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  • Should Christians be baptized only in the name of Jesus or in the name of the Father, the Son, and the Holy Spirit?"
    This question has caused much controversy in the church. It is also the reason for the separation between churches and denominations that believe that baptism should be only in the name of Jesus, and those that believe in baptism in the name of the Father, the Son, and the Holy Spirit. In Matthew 28:19, Jesus told his disciples to baptize in the name of the Trinity (Father, Son, and Holy Spirit), but in Acts 2:38, Peter told thousands of new believers that they needed to be baptized only in the name of Jesus. Many arguments support both views, but at Global Grace Ministries we believe the following. In Matthew, Jesus was telling the people who were going to baptize new believers how to baptize them. In Acts, Peter told unbaptized Jews (candidates for baptism) in whose name they should be baptized. In Matthew, Jesus was speaking to the church establishing a principle. In Acts, Peter was talking to Jews who needed to see Jesus as their Messiah, as their Lord. We do not need to make a “separation” doctrine on this issue, but we must understand that water baptism is important. It is our declaration to the world that we are dead to sin and have resurrected to a new life in Christ. Baptism does not save us, but it establishes us as believers in Jesus Christ. Unless you are a Jew who did not believe that Christ is the Messiah before coming to Him, you must be baptized in the name of the Father, the Son, and the Holy Spirit.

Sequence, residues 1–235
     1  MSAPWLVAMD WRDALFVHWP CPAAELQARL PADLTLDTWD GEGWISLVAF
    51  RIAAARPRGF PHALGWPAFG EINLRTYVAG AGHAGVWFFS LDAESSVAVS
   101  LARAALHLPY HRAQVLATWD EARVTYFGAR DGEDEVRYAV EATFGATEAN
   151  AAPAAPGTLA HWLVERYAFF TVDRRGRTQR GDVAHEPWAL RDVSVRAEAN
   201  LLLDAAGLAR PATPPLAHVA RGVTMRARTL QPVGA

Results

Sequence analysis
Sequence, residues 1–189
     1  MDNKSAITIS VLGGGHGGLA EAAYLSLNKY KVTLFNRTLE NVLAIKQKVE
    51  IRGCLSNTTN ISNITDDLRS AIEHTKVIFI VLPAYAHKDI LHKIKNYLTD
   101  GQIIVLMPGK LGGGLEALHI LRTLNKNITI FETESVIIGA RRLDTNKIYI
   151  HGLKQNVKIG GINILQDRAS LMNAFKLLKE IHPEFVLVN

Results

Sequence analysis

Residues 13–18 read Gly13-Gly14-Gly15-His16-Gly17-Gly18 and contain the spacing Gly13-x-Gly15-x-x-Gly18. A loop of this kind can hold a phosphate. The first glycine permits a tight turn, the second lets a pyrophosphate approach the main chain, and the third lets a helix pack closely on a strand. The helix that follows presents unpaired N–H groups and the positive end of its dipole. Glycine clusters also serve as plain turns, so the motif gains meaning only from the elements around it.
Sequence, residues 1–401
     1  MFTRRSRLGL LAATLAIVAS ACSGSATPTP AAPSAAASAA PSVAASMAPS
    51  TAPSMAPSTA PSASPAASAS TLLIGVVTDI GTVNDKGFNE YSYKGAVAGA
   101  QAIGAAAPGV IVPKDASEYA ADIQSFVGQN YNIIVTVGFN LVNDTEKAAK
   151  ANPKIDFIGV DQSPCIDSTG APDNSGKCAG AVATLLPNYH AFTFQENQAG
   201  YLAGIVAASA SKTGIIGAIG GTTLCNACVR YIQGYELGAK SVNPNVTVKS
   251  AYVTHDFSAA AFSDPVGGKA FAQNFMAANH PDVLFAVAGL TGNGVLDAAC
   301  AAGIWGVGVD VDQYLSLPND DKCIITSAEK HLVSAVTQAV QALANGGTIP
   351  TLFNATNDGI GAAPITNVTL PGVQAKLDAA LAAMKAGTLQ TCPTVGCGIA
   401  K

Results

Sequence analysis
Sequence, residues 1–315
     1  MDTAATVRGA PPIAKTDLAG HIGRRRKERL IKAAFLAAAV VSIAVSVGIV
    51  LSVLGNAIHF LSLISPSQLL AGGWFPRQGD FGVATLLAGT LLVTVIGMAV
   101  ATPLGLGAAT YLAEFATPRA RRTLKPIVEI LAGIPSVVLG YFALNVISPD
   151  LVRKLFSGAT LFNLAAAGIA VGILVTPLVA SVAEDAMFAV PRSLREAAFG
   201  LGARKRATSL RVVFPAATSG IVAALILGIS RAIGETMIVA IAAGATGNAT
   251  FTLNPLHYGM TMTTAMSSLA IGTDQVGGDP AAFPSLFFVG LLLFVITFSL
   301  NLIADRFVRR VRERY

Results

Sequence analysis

• Can Christians lose their salvation?